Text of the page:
Chris McCully

Fishing Diary

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Dolphins and jellyfish 3

Wednesday, 5 April 2017 at 19:36

Sailing jellyfish This species of jellyfish can sail. The Latin name, Velella velella, captures something of that - think e.g. of French voile (sail, n.). The creatures erect their sail in order to traverse large tracts of ocean, and below the sail is the body and a set of trailing, highly poisonous tentacles. (You can actually glimpse the tentacles in this shot, at a high resolution.) The species is related to the Portuguese man o'war. V. velella has certainly been recorded in the Canary Islands, so the creatures we saw last week off La Gomera weren't some sort of freak occurrence: they'd simply drifted inshore, feeding on plankton, in relatively warm spring temperatures.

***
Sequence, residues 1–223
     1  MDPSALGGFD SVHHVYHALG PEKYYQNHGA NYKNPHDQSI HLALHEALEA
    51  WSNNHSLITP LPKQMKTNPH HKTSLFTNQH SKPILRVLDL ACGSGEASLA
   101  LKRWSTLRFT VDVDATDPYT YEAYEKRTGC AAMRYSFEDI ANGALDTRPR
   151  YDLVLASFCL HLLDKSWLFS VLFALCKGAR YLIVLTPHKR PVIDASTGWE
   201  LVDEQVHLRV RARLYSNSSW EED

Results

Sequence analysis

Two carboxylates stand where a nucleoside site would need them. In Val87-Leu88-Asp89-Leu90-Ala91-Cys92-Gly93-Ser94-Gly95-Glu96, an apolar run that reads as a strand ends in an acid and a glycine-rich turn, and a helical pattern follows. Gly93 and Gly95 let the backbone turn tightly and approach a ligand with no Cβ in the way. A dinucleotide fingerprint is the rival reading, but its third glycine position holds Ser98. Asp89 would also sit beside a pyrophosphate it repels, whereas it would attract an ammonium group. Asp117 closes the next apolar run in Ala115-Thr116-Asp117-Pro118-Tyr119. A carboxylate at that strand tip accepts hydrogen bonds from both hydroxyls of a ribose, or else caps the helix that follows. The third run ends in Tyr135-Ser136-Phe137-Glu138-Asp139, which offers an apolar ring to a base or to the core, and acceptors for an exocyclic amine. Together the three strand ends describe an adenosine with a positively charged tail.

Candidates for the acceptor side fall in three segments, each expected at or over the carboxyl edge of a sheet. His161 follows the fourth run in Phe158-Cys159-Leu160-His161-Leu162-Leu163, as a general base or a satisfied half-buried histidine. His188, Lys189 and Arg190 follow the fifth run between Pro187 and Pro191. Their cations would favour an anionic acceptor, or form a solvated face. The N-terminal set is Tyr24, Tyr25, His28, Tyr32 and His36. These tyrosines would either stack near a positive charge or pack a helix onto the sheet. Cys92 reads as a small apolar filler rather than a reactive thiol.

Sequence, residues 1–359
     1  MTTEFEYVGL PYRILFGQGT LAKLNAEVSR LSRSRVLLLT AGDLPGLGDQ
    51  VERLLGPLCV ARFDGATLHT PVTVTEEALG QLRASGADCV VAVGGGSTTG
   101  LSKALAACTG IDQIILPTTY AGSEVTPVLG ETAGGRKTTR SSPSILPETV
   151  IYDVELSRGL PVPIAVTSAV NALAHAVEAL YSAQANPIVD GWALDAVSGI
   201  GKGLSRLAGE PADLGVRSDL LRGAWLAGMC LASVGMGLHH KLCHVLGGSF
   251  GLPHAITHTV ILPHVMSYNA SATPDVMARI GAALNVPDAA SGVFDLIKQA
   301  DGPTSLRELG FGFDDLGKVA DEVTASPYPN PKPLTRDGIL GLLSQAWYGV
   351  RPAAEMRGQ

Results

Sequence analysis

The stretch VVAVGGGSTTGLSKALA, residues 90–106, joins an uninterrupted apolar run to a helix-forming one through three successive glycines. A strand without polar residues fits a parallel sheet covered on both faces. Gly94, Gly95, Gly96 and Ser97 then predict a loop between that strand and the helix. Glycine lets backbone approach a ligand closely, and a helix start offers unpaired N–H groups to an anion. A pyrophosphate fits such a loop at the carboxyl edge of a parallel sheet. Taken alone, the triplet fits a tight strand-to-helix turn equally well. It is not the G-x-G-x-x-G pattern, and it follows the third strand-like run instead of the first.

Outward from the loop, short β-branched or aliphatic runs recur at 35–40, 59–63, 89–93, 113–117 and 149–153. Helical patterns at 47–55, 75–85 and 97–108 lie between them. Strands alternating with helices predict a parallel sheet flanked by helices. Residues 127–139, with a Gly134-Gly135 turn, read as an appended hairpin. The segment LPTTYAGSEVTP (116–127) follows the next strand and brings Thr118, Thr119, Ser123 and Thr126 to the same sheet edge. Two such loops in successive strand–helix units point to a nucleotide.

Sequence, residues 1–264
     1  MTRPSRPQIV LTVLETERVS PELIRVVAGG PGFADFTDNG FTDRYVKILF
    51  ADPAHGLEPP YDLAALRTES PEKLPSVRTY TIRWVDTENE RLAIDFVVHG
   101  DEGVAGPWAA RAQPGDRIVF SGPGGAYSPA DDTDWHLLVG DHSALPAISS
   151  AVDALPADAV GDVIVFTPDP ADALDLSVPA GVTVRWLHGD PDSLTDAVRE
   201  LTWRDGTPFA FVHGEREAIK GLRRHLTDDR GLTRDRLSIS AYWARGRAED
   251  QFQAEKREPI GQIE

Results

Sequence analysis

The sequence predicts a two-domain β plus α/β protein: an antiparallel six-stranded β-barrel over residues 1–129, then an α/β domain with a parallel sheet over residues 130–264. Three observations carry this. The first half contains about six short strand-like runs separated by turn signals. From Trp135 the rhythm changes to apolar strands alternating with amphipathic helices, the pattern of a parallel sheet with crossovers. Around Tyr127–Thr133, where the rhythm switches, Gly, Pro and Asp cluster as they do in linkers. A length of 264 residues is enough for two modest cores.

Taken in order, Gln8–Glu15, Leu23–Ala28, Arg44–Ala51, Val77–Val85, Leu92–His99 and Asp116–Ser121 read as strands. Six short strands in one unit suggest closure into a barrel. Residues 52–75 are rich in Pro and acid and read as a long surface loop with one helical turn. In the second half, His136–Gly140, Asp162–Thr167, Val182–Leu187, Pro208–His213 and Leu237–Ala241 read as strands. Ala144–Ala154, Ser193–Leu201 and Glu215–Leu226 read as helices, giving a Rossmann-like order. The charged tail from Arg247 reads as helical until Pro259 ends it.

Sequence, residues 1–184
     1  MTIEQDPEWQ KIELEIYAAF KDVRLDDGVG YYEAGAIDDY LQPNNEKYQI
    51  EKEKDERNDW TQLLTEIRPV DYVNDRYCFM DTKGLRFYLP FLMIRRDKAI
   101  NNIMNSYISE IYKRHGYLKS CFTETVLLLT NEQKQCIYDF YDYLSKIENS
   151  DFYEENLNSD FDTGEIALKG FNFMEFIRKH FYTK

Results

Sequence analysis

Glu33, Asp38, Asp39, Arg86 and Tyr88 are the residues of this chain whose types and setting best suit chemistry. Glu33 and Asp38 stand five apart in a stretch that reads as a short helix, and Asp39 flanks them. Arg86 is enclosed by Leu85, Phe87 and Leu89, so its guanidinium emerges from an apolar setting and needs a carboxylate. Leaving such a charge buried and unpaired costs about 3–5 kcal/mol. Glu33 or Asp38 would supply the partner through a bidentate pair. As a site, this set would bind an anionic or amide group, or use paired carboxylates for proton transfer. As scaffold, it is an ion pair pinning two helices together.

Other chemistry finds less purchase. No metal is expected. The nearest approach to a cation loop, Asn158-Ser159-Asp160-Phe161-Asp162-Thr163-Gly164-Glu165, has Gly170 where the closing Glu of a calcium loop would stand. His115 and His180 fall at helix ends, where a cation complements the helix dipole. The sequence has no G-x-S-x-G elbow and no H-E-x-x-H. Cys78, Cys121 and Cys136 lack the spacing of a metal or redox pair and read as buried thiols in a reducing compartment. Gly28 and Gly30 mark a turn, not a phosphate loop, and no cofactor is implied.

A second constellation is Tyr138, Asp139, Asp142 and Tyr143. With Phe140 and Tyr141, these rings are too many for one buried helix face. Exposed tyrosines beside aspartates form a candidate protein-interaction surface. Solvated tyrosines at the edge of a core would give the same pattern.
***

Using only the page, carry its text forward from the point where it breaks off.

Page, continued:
On our trip we were trying to watch for dolphins and whales, though only one of us - not I - got the merest glimpse of a whale (a certain sighting of a Bryde's whale), while another also caught a glimpse of a young hammerhead shark. Hammerheads breed each spring in the waters off La Gomera. Bottlenose dolphins, however, we did see, and it was fascinating to watch the co-operation - more truly, the parasitism - that existed between the mammals and the birds.

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